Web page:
August 10

Ep. 010 – 10 Good Reasons for Procurement Early Involvement


Getting you guys in early, never benefitted anyone. Recently I heard that statement. It made me think about the "why". Welcome to episode 10 of the ProcurementZen podcast. My name is Phil Kowalski, and todays show is all about early involvement.

We have all been there. Demands that seem to arise out of blue skies. Although you talked to your coworker yesterday, a new demand appears. Super urgent and of course only one supplier.

In todays episode we discuss procurement early involvement. I will give you 10 reasons why it makes sense for all people involved.

I have prepared a nice presentation for you that you can copy and paste into your corporate design. Go to and download the Powerpoint file or use Google Slides.

So here are the 10 reasons for procurement early involvement.

  1. Reason #1 - The earlier, the better the price
  2. Reason #2 - Market KnowHow
  3. Reason #3 - Identify risky suppliers right away
  4. Reason #4 - Fast execution
  5. Reason #5 - Let negotiators deal with tough conversations
  6. Reason #6 - Prepare the battlefield of negotiation
  7. Reason #7 - Standards, standards, standards
  8. Reason #8 - Less friction
  9. Reason #9 - Less work for demand owners
  10. Reason #10 - Fight unethical tactics

Are you ready? Then let's start with reason number 1 "the earlier, the better the price".

Why should this be true? A question I often get asked when "marketing" to inform me upfront.

Think about this: when procurement know how gets in early into a project, it can support demand owners. Show them potential suppliers, they didn't think of.

A good strategic buyer has a good grasp of his material field. She knows about recent developments. About suppliers that the product owner is not aware of.

We buyers have executed many RfPs. We have a decent catalog of KPIs, definitions, infos about the products we buy.

Why not leverage what we have done before?

From my personal experience I was able many times to give demand owners hints. Hints about what they should consider in a shopping list. Or in a specification. Or both.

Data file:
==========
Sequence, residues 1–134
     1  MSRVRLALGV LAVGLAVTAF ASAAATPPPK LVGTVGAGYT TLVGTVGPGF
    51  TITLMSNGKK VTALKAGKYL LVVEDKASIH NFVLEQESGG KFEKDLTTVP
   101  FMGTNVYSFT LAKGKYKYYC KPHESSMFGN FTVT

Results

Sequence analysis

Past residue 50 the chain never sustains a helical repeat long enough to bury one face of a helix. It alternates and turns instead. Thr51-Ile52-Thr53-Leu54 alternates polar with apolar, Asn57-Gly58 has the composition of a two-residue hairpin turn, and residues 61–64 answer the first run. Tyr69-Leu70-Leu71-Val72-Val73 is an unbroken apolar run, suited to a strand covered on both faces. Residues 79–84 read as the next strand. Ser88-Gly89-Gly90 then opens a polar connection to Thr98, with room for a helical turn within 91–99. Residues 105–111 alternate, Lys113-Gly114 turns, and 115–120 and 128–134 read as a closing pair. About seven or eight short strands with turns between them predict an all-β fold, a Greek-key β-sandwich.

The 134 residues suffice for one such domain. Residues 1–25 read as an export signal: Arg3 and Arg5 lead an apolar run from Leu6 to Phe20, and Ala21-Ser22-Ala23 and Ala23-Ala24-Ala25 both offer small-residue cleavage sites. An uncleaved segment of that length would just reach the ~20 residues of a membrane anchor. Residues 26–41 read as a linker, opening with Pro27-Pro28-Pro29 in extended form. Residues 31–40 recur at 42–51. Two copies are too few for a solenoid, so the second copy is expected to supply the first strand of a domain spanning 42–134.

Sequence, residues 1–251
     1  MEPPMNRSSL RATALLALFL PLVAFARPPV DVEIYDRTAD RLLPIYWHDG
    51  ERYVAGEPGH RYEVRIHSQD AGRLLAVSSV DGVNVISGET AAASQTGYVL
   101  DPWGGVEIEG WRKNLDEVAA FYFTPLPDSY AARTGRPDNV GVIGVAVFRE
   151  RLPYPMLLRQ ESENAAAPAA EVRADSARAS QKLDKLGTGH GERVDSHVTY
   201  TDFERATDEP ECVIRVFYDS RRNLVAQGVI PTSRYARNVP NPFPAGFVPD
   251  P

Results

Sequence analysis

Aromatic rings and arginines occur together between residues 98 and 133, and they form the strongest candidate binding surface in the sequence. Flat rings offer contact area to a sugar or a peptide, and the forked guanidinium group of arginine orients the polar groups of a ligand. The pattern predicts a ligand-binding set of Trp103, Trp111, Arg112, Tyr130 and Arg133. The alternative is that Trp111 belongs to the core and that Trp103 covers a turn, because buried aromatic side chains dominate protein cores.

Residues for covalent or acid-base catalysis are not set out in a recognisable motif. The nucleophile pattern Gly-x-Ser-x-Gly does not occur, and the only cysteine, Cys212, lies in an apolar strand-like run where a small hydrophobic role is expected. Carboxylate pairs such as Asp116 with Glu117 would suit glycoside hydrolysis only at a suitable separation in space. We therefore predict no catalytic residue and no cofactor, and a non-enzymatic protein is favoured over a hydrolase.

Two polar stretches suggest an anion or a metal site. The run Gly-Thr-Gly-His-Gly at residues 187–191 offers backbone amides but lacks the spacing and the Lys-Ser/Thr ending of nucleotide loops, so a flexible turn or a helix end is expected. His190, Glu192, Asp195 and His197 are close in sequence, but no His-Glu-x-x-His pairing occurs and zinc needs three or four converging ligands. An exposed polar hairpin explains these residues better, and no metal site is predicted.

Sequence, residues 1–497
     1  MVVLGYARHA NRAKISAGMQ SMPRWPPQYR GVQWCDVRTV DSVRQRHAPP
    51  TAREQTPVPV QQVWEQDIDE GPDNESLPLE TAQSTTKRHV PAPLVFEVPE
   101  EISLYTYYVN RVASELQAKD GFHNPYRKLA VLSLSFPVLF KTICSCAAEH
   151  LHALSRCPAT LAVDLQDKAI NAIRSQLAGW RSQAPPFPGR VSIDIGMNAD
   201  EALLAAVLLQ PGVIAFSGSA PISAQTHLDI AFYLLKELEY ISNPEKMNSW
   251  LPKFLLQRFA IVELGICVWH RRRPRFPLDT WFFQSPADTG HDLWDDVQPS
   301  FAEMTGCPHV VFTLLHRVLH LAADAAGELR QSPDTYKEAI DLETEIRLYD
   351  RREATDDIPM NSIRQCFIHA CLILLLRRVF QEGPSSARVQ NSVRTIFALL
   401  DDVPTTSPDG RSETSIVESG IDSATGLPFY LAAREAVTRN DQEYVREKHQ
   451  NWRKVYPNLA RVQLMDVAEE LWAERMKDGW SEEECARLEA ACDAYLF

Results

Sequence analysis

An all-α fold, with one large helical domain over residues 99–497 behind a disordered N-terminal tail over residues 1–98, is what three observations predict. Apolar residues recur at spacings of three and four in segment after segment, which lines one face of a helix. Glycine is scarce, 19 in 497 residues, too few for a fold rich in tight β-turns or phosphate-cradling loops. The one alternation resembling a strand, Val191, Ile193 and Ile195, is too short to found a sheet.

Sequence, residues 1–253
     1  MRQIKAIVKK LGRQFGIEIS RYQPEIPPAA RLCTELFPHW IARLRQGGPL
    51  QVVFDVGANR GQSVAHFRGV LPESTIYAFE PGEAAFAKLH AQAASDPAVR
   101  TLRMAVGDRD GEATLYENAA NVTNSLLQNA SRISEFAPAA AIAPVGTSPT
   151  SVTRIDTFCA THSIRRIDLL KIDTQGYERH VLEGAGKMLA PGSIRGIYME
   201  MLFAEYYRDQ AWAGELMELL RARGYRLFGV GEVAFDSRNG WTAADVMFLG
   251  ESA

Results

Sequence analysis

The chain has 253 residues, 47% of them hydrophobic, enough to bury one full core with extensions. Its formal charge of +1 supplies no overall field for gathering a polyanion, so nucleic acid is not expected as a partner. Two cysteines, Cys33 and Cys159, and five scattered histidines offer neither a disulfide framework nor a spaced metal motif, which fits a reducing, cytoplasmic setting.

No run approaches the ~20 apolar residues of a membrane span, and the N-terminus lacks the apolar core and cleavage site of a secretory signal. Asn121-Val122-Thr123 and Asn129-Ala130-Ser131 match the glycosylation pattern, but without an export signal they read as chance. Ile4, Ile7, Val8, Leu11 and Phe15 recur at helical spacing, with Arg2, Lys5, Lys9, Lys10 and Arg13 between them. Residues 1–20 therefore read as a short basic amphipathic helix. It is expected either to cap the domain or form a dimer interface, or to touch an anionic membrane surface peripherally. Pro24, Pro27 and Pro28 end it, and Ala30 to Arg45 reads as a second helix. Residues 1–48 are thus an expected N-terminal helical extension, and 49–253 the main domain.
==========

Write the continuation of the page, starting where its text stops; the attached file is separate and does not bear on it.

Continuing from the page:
I remember examples where plastic parts did the same job than a brass part. And for a fraction of the price.

Or where an availability of 95% in a service demand was still good enough for us. And so much less expensive.

Once all these things are final, it gets difficult to change them.

This brings us to the second reason for early involvement, market know how.

This knowledge of the market conditions helps the company to introduce new suppliers. I often times introduce new suppliers to projects. This does not mean a supplier change per se.

I am happy to give any existing vendor a bonus for being with us for a long time. But the question is "is this worth 30 to 50% higher prices" in some cases?

New suppliers introduce themselves on a regular basis to negotiators. They want business, they are hungry, they want to build relationships. An experienced strategic buyer can leverage this to improve costs.

As in "you want a deal? Then I ask you to invest in the relationship." We know of the promises they made, when we had first contacts.

And we also know of existing suppliers that may be good challengers.

Chances are pretty high, that they at least have a positive influence on conditions. An enterprise should not leave these opportunities unused.

The next one is reason number 3, no one really wants to speak about - risky suppliers and how to identify them.

I experience quite often that I am confronted with specialist suppliers. Small companies with only a handful of employees. Small capital base and very limited options for liability.

Working in an enterprise with 350,000 employees it is quite important for us to secure our bottom line. This includes the classic term suppliy chain management.

And this in return contains a risk evaluation for every supplier. If an agency gives a supplier a bad rating, we should think twice about a contract. At least this must result in a malus from my point of view.